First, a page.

There are not many watchdog organizations in India that look specifically at CSR. In America and the rest of the world, there are many ‘lists’ that regularly point out the companies that have the best CSR programs and initiatives. These range from Corporate Knight’s Global 100 to Ethisphere Institute’s Most Ethical Companies and Corporate Responsibility magazine’s 100 Best Corporate Citizens. While many in the industry question the authenticity of these lists, it is undeniable that it does put a spotlight on CSR performance.
Karmayog is perhaps the only organization in India to produce CSR lists. This year the Karmayog CSR study and ratings present a snap-shot of the largest 500 companies in India, with specific focus on their CSR initiatives. The study shows how different kinds of companies (government owned, private, multi-national) from different industry sectors are responding to global and local conditions that demand and need more responsible behavior by all stakeholders, especially corporations.
Karmayog is an organization based out of Mumbai, India. It has evolved as an internet platform for nonprofits and supporters to inform others about themselves and their needs and offers. It also acts as a “NGO-citizen-government interface” that can enable a holistic view of the various problems that society faces. Citizens and corporates can list the availability of their time, talent, materials, services, money, and indicate their interest in supporting particular types of projects and nonprofits. They currently list over 1000 nonprofits in Mumbai and over 3000 in the rest of India. Due to the nature of their work, they have a firm finger on the pulse of the corporate world and are able to give a rather unbiased view of CSR activities.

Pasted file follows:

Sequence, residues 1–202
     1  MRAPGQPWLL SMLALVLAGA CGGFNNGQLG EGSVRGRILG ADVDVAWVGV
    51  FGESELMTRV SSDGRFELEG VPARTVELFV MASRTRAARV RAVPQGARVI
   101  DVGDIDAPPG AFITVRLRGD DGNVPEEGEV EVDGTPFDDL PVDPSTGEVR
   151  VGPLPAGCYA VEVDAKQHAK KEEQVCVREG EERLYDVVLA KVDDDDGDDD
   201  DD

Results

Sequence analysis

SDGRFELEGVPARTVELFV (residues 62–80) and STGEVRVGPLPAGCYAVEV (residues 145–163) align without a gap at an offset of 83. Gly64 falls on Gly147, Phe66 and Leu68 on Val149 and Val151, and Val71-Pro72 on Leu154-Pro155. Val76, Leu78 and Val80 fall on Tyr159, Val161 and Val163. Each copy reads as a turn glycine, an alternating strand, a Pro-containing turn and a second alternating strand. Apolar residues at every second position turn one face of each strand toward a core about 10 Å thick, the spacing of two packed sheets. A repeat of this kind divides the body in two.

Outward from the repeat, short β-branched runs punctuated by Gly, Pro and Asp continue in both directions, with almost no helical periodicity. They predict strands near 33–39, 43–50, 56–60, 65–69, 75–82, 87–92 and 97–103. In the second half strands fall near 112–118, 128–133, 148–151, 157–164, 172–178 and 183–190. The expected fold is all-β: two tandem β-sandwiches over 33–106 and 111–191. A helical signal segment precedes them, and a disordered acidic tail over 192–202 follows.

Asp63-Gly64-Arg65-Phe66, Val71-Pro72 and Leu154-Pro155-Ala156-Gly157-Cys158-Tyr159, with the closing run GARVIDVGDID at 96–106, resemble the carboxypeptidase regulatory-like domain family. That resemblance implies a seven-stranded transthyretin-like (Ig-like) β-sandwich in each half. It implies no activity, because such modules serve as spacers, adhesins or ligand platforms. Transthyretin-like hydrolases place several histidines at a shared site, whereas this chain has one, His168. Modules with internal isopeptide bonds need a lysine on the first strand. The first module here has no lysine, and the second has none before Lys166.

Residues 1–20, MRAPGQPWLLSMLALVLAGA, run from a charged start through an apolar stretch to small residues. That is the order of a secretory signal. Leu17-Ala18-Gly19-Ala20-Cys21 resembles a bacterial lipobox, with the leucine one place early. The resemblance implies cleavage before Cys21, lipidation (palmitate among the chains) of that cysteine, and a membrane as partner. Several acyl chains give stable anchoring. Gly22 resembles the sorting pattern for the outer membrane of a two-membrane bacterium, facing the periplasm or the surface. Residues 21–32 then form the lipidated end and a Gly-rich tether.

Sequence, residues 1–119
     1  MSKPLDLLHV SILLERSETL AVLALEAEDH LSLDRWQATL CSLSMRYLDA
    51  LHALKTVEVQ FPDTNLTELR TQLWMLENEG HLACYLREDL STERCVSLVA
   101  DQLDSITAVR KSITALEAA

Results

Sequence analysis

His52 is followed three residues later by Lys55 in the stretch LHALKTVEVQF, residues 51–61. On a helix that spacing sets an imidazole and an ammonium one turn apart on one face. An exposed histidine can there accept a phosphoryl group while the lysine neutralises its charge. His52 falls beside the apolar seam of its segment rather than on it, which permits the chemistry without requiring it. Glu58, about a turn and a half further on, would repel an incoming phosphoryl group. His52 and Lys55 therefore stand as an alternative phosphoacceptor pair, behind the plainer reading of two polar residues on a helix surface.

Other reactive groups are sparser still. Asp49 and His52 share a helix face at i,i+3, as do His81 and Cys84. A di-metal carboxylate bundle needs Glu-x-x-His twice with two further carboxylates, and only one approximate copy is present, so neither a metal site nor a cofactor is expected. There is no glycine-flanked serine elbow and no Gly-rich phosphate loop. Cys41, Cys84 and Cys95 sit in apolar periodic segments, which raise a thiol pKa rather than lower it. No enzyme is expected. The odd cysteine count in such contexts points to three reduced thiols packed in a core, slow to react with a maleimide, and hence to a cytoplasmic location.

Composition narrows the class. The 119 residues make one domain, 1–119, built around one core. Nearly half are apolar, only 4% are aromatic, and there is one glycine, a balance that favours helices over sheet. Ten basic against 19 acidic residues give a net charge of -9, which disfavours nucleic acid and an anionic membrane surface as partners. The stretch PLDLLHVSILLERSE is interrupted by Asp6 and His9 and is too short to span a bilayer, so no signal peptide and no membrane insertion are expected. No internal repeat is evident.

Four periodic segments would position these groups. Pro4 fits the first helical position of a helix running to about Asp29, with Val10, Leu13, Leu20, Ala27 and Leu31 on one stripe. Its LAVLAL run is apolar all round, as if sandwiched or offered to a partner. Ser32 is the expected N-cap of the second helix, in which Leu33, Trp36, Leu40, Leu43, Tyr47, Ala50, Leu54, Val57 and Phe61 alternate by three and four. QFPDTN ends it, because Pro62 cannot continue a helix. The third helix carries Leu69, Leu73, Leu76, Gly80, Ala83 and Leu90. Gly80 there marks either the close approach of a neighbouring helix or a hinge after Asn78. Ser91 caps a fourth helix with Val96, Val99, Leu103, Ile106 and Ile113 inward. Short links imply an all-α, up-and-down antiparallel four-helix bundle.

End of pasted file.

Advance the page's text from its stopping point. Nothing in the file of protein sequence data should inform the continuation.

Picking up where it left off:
This is the fourth year of the Karmayog CSR Ratings. Since the study was started in 2007, there has been a greater awareness and practice of CSR in India. The firm has found that more companies are reporting their CSR activities and that the government has framed voluntary CSR recommendations for companies. According to them, their objective of undertaking an annual CSR rating is to present a common person’s view and understanding of companies and how they behave. They have found that stakeholders play an important role and they are becoming more and more aware of a company’s operations.
Companies with a Level 4 rating include Ballarpur Industries, HDFC, Infosys Technologies, Jubilant Organosys, Kansai Nerolac, Larsen and Toubro, Mahindra and Mahindra, Moser Baer, Tata Consultancy, Tata Steel, Titan Industries and Wipro. The organization recommends that a company spend a minimum of 0.2% of its Sales on CSR activities. According to them:
We have seen over the last 4 years, a trend towards compartmentalising CSR and turning CSR into a specialised activity. In our view, CSR is intrinsic to all parts of a business, and hence is reflected in the actions of a company, in all aspects such as HR, Corporate Governance, Management, Accounting, R&D, Advertising, etc. and the ratings take these into account as well.
Over the past four years, there has been an increase in companies undertaking some form of CSR. The number of companies with a Level 4 or Level 3 rating, has remained similar. The study also includes sector-specific tables and ratings that show how companies in different industry sectors are undertaking CSR, and also highlight the best practices by companies in a sector.